Phillip Knightley
Khaleej Times (Opinion)
March 16, 2009 - 12:00am

An advance copy of an important new book on the Middle East has kept me awake at night reading it. Called “Kill Khalid: Mossad’s Failed Hit. . .and the Rise of Hamas”, it is by an Australian journalist, Paul McGeough, and was written before the recent war between Israel and Hamas in Gaza.

McGeough is scrupulously objective but paints a telling picture of the skill with which Hamas and its leader Khalid Meshaal have succeeded in turning most of the Israeli’s strategy around so that it rebounded upon them.

The book opens with the botched 1997 Israeli assassination attempt on Khalid in Amman, Jordan.

McGeough said that the Jewish state felt that Khalid Meshal was too credible as the new leader of Hamas. He was too persuasive and had to be “taken out”. As one reviewer, Antony Loewenstein, puts it: “With that we are launched into a world of Israeli blunders over successive decades that have the opposite to the intended effect. Israel never accepted the legitimacy of a viable Palestinian entity, yet never understood that its emergence was ?unavoidable as long as Palestinian land remained occupied.”

“Hamas, to my great regret, is Israel’s creation, retired Israeli official Avner Cohen, told the Wall Street Journal last January. McGeough supports this view. He outlines how the Jewish state tolerated and even encouraged the group since its birth in the 1980s, seeing it as a counterweight to Yasser Arafat and the Palestine Liberation Organisation.

By the time Israel realised its mistake, it was too late, because Hamas provided welfare, education and health services to many Palestinians. The organisation, like Hezbollah in the Lebanon, had become part of the local society and could no be eradicated by military means.

This is why many Israelis have compared fighting Hamas with treating cancer. “When you treat cancer you kill some innocent blood cells,” an Israeli speaker told a rally in London in ?January. “We regret any loss of ?human life but you don’t stop before you finish the course, otherwise it will come back stronger.”

Hamas’s 2006 election win in Palestine, shunned by the international community because the “wrong” side prevailed, nevertheless caused some in the movement to seek a more moderate position. It has since offered a long-term truce and a willingness to accept a Palestinian along 1967 borders.

In other words, a two state solution said to be the goal of the United Nations, USA, Israel, the European Union and the Arab League.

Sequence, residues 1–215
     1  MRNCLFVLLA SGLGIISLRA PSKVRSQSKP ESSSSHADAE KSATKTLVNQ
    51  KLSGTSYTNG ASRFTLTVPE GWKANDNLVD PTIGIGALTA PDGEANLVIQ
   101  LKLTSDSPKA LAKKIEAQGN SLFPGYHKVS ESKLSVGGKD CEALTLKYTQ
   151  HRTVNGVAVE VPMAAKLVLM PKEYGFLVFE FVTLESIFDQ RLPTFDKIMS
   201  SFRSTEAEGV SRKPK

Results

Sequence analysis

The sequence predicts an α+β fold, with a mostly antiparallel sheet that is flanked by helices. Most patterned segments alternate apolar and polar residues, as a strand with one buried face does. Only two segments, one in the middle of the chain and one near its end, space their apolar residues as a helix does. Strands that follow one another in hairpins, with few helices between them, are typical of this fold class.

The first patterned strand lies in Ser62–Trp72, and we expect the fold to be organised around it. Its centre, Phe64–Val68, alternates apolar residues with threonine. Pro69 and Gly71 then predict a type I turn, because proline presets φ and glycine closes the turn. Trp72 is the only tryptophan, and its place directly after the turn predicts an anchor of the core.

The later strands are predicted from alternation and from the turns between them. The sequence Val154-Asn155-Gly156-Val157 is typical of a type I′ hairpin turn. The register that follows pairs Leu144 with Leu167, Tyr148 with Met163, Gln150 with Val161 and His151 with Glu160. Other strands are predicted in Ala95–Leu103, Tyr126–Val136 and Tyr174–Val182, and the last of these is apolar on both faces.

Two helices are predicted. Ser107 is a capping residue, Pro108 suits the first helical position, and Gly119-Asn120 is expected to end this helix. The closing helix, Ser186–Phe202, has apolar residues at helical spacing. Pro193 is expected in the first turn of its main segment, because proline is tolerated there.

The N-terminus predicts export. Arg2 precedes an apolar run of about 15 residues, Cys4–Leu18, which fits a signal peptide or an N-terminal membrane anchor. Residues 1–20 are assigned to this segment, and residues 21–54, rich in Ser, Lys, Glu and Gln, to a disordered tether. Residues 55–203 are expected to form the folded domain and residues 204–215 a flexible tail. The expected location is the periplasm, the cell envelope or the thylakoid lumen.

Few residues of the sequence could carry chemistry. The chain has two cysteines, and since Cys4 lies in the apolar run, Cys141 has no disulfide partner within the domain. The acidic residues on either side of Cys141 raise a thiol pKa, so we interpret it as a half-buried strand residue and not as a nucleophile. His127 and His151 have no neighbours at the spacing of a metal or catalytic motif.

But the fact that Israel continued to build illegal settlements in the West Bank and imposed a crippling blockade on Gaza - after Fatah had negotiated with Israel for years and achieved ?nothing - confirmed Hamas’ view that resistance was the only path towards self-determination.

Khalid Meshal was instrumental in this realisation. As far back as the mid-1980s he had recognised the importance of combining violent resistance with political development. He realised the weakness of Arafat long before the vast majority of Palestinians did. Hamas, a word meaning enthusiasm, thrived on its rivalry with Fatah.

After two decades of squabbling and revenge attacks, the relationship between the two groups exploded in 2007 when Hamas pre-empted a Fatah coup in the occupied territories and assumed control of the Gaza strip. Israel and Washington backed an armed force under Fatah strongman Muhammed Dahlan but the civil war which followed left Hamas stronger.

During the recent Gaza war, Meshal wrote an article in the Guardian, London, in which he issued a warning to his Western critics.

Israel should expect violence against its people until the Palestinians were treated with respect: “The logic of those who demand that we stop our resistance is absurd. They absolve and aggressor and occupier of responsibility while blaming the victim, prisoner and occupied.” McGeough quotes former president Jimmy Carter in answer to those who argue that Israel cannot negotiate with Hamas because Hamas will not recognise Israel’s right to exist. At the end of the Gaza war, Carter told the US website “The Daily Beast”: “I met Hamas (leadership) last month and Hamas has committed to me, ?and publicly on Al-Jazeera, that it ?would accept an agreement negotiated between Palestine and Israel, provided its is submitted to the Palestinian people in a referendum or if there ?is an elected unity government. That means that they accept Israel’s right to exist, to live in peace.”


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